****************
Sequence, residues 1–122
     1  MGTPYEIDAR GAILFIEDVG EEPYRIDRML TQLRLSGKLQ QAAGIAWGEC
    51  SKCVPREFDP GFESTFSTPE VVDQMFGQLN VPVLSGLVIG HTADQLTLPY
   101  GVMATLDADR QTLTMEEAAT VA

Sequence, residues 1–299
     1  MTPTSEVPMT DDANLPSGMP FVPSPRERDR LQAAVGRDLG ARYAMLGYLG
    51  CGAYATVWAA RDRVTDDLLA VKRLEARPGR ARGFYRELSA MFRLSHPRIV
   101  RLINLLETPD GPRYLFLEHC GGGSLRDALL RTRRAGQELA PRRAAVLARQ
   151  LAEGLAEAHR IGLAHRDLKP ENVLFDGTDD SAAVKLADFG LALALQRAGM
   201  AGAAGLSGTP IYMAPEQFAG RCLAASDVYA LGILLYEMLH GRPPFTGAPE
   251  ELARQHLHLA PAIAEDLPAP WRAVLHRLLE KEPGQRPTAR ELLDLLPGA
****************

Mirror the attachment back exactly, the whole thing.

Sequence, residues 1–122
     1  MGTPYEIDAR GAILFIEDVG EEPYRIDRML TQLRLSGKLQ QAAGIAWGEC
    51  SKCVPREFDP GFESTFSTPE VVDQMFGQLN VPVLSGLVIG HTADQLTLPY
   101  GVMATLDADR QTLTMEEAAT VA

Sequence, residues 1–299
     1  MTPTSEVPMT DDANLPSGMP FVPSPRERDR LQAAVGRDLG ARYAMLGYLG
    51  CGAYATVWAA RDRVTDDLLA VKRLEARPGR ARGFYRELSA MFRLSHPRIV
   101  RLINLLETPD GPRYLFLEHC GGGSLRDALL RTRRAGQELA PRRAAVLARQ
   151  LAEGLAEAHR IGLAHRDLKP ENVLFDGTDD SAAVKLADFG LALALQRAGM
   201  AGAAGLSGTP IYMAPEQFAG RCLAASDVYA LGILLYEMLH GRPPFTGAPE
   251  ELARQHLHLA PAIAEDLPAP WRAVLHRLLE KEPGQRPTAR ELLDLLPGA